‘Activist investor’ makes funding commitment to Black Academic Futures

Monday 26th Sep 2022, 12.56pm

Bluebell Capital Partners has made an initial donation to the Black Academic Futures programme at Oxford University, which will support three scholarships for 2022-entry and a fourth in 2023/24. 

Graduates being supported by the funding commitment from the London-based investment manager include a student who plans to help mitigate the effects of climate change through sustainable and alternative energy sources as a neutronics engineer.

The other 2022-entry scholars include supporting growth and development in Africa and becoming one of Ghana’s leading economic policy practitioners among their long-term career plans.

Image of Bluebell Capital Partners’ two partners, Giuseppe Bivona and Marco Taricco.(Left to right) The firm’s two partners, Giuseppe Bivona and Marco Taricco

Bluebell Capital Partners has become well known as an ‘activist investor’, advocating for Environmental, Social and Governance (ESG); a collective term for a set of standards used to evaluate investments based on corporate policies that impact society and the environment including sustainability.

The firm’s two partners, Giuseppe Bivona and Marco Taricco, have known each other for over 30 years and lead an experienced team whose campaigns have included many that integrate their own approach to ESG and sustainability risks with their investment process.

Partner Marco Taricco said: ‘Oxford University’s Black Academic Futures programme is perfectly aligned with our broader ESG commitment, which aims to drive change and make a difference by achieving concrete, tangible results as opposed to simply stating high level principles. We are immensely proud to make a difference in the lives of the four scholars selected for the program. And count on contributing to their development beyond the financial commitment.’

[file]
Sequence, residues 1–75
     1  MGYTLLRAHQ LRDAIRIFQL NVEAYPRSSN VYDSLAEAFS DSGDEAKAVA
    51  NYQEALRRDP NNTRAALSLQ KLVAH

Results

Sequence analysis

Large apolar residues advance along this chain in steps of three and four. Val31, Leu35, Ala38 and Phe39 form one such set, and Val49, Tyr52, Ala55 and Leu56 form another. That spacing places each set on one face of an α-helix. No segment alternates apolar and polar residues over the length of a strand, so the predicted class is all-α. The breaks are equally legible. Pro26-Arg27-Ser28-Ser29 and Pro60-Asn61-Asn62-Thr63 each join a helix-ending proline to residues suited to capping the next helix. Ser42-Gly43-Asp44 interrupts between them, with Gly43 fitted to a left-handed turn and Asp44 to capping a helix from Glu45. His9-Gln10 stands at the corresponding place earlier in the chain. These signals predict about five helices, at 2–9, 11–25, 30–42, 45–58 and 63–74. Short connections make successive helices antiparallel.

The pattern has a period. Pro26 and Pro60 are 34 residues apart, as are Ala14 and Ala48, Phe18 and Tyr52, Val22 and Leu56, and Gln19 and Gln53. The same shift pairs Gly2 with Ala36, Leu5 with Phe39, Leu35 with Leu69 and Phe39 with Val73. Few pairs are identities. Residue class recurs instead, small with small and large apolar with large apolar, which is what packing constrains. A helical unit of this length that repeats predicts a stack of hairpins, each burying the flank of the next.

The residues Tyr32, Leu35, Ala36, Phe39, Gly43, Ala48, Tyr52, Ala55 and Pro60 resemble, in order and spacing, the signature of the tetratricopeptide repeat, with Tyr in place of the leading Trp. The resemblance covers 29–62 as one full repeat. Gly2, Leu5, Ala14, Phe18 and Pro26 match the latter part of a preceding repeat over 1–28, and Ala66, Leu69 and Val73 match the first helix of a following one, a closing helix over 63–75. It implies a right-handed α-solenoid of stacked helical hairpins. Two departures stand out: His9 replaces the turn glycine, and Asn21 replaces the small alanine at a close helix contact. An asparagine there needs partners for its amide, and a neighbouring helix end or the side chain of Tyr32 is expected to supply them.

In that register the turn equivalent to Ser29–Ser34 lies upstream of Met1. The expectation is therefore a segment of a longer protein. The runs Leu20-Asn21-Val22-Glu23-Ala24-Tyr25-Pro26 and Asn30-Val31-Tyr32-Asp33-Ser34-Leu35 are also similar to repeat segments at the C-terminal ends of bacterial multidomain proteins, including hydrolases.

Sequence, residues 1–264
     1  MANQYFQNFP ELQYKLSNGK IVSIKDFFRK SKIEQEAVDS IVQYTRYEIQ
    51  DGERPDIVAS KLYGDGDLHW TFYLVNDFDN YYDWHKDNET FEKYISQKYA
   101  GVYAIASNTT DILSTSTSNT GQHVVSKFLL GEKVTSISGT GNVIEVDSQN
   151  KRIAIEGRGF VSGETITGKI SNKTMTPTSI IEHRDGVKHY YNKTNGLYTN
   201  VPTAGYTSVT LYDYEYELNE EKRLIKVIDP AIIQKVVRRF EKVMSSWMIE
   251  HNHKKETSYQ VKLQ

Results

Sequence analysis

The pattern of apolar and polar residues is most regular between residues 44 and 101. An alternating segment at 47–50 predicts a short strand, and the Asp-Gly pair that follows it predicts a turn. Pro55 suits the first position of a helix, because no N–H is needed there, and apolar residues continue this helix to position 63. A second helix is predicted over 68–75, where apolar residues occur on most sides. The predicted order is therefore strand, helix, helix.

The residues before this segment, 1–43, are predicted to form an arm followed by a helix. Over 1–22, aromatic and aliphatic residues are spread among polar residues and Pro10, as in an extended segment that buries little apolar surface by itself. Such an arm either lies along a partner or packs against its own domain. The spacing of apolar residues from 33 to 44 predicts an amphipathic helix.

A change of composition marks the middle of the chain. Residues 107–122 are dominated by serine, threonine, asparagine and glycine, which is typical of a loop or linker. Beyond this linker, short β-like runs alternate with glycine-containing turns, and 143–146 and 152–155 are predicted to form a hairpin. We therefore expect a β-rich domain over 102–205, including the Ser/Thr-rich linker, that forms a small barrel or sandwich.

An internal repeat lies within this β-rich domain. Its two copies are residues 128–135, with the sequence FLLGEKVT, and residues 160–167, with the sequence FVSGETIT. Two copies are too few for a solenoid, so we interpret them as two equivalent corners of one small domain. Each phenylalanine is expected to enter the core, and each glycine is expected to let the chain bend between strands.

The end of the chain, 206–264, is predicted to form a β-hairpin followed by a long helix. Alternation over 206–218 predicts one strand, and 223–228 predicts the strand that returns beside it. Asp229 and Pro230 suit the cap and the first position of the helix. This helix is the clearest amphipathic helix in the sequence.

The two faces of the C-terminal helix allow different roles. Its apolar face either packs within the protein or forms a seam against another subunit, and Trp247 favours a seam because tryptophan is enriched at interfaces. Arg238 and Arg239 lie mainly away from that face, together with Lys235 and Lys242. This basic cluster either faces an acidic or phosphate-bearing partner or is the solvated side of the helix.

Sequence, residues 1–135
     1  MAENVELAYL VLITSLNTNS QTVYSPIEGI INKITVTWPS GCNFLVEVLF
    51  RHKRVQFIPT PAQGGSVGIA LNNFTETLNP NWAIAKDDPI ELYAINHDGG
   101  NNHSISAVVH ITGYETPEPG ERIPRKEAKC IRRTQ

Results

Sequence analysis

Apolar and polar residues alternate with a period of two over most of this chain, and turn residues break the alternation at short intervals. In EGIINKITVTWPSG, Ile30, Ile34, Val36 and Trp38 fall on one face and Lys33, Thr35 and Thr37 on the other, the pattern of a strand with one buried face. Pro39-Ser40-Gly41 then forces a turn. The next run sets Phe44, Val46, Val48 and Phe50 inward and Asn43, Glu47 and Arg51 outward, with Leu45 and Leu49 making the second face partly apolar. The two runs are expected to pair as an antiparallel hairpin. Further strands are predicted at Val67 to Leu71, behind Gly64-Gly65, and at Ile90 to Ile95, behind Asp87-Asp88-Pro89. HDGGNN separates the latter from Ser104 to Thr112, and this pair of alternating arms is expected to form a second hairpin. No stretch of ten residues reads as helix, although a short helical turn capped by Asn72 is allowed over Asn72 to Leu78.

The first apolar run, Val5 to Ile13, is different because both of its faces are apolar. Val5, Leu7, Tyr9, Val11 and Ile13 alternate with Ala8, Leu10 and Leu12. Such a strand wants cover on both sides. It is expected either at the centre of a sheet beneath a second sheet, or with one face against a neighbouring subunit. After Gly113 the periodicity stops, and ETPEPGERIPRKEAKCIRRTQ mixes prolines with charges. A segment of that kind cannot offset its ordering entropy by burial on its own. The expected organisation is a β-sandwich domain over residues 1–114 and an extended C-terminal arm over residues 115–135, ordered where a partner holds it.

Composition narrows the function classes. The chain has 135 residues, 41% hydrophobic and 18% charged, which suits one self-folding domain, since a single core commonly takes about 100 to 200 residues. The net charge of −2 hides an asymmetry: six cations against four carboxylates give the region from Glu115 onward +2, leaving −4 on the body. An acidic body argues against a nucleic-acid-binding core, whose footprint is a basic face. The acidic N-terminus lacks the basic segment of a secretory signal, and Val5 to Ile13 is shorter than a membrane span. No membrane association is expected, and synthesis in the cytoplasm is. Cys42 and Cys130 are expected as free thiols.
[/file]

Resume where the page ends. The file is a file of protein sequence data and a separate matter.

The scholars

The three graduates whose scholarships have been supported by Bluebell Capital Partners in 2022/23 will be studying DPhil and master’s courses in Economics for Development, Economic and Social History, and Materials.

Head and shoulders image of Gwendolyne Brown Gwendolyne Brown has a strong interest in economic development

Gwendolyne Brown (MSc Economics for Development) said: ‘Obtaining funding through the scholarship has enhanced my passion for philanthropy work and has encouraged me to also help others where I can. I now live in the UK but was born in Ghana, and as a young girl I observed that poverty disproportionately affects women and thus I am acutely aware that the lack of opportunities available for us limits Ghana’s economic potential and productivity. My first hand exposure to such circumstances nurtured my strong interest in economic development. My long-term career goal is to be one of Ghana’s leading economic policy practitioners and to play a fundamental role in shaping the development of Ghana. This scholarship will allow me to explore interesting areas such as Macroeconomic Theory for Development. It has also enabled me to connect with other scholarship students, helping me expand my network, and to access an extensive support system such as access to the mentorship program.’